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How to prove $2^{8420} - 9$ is or isn't a prime number?

I tried modding it by 10 to get the last digit, but that's a 7 which doesn't help.

We've only been covering successive squaring in this chapter (and modular arithmetic).

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  • $\begingroup$ A related question. :-) $\endgroup$ – Lucian Sep 19 '14 at 4:36
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Hint: Use the factorization $a^2-b^2 = (a-b)(a+b)$ for a useful choice of values for $a$ and $b$.

When you do this, it should be fairly obvious that both factors are bigger than $1$.

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  • $\begingroup$ 2^(8420) = 2^(2*4210)(2^4210)^2 and 2^(8420) - 9 = (2^4210)^2 - 3^2 = (2^4210-3)(2^4210+3) ... So this shows I have found 2 factors that are not the number itself and 1. Proving that this number is not prime. Is this the most correct way to show this? $\endgroup$ – mar10 Sep 19 '14 at 7:31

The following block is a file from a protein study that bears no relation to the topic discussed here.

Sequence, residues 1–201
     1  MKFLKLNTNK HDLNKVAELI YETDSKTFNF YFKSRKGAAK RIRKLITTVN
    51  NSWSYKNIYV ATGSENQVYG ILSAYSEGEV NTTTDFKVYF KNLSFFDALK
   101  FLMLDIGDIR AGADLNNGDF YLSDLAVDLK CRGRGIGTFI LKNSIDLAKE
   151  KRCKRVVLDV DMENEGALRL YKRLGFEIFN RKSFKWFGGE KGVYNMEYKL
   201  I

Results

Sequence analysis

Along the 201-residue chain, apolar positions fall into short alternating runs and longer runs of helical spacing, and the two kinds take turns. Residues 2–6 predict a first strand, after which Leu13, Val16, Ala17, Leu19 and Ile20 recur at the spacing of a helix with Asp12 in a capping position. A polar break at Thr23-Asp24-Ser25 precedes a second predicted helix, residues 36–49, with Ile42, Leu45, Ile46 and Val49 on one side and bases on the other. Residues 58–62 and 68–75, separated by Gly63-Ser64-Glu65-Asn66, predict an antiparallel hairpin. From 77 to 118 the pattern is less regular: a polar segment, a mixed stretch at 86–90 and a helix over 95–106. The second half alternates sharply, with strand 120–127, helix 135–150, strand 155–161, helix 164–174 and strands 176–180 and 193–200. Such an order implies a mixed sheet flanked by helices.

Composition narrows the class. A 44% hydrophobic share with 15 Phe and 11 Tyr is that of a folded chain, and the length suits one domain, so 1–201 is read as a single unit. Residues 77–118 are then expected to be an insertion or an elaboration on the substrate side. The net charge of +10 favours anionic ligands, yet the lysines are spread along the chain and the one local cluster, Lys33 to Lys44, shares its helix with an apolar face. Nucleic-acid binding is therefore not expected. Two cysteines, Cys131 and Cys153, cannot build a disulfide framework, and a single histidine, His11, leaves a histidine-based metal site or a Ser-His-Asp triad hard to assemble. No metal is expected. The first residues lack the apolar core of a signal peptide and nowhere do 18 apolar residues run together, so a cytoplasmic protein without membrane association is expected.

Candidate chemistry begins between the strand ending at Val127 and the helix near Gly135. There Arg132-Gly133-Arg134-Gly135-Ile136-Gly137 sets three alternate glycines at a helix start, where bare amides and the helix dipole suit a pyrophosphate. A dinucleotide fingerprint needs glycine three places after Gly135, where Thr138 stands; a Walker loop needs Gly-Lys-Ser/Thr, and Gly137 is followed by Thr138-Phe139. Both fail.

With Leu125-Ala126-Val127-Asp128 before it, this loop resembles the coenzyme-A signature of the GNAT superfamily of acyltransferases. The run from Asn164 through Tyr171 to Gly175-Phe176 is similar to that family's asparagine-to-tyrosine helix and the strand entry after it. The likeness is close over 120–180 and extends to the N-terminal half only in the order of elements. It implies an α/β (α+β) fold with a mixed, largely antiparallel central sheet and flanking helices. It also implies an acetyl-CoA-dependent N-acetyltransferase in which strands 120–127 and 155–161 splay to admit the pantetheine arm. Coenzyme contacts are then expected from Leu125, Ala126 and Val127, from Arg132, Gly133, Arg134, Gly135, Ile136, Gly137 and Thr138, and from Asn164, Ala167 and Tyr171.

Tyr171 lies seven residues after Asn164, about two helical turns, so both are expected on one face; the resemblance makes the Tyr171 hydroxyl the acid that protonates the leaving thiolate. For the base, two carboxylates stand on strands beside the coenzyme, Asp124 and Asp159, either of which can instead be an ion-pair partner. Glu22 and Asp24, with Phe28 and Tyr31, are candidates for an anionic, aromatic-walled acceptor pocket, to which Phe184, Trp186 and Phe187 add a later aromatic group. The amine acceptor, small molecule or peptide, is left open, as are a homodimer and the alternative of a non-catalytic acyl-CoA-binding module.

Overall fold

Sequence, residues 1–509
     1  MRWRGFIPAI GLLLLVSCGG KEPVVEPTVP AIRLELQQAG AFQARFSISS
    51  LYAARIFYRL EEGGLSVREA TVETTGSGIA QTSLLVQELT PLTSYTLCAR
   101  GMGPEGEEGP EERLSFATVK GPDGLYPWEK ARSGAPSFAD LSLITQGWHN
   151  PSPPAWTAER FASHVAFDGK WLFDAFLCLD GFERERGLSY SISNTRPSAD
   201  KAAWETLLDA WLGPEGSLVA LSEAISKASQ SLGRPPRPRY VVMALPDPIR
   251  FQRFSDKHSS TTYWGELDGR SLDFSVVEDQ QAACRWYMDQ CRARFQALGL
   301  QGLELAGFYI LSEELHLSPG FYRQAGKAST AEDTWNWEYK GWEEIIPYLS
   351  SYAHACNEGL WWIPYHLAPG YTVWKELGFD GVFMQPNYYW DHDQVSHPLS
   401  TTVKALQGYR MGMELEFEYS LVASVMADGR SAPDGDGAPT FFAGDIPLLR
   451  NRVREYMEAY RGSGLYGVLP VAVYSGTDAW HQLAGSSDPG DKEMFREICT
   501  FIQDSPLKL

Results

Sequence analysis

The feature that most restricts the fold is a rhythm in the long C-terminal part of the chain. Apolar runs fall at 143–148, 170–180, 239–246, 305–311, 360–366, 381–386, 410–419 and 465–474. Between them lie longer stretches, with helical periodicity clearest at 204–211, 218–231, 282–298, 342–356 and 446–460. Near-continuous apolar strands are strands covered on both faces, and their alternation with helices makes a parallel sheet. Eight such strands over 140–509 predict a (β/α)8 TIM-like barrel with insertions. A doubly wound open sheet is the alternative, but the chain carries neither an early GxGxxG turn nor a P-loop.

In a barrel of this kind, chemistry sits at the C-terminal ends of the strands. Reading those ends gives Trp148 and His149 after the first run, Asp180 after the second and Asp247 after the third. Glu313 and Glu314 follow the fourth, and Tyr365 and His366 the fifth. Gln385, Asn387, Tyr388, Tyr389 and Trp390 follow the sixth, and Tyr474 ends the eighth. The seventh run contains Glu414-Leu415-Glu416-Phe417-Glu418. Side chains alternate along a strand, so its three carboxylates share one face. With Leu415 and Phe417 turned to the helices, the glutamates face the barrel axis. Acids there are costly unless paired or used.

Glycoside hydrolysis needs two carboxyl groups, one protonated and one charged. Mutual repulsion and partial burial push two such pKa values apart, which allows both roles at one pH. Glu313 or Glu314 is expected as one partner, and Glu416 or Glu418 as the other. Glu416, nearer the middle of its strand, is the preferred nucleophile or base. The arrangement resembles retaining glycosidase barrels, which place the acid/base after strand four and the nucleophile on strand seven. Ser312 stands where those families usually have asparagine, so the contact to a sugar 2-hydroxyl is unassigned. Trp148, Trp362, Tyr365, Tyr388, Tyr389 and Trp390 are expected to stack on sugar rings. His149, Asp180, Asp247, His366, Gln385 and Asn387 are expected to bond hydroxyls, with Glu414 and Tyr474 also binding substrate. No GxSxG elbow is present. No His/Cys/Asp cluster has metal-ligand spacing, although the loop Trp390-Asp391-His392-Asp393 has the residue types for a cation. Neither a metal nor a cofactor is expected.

• $\begingroup$ That is one correct way to show that $2^{8420}-9$ is not prime, but of course, there are other ways as well. $\endgroup$ – JimmyK4542 Sep 19 '14 at 17:29
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The number is a multiple of $13$ because $2^{12} \equiv 1 \bmod 13$, $8240 \equiv 8 \bmod 12$, and $2^8 \equiv 9 \bmod 13$.

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  • $\begingroup$ The smallest prime factors of $2^{8420} - 9$ are $13$, $21649$, $2201539$, ... $\endgroup$ – lhf Sep 19 '14 at 4:48

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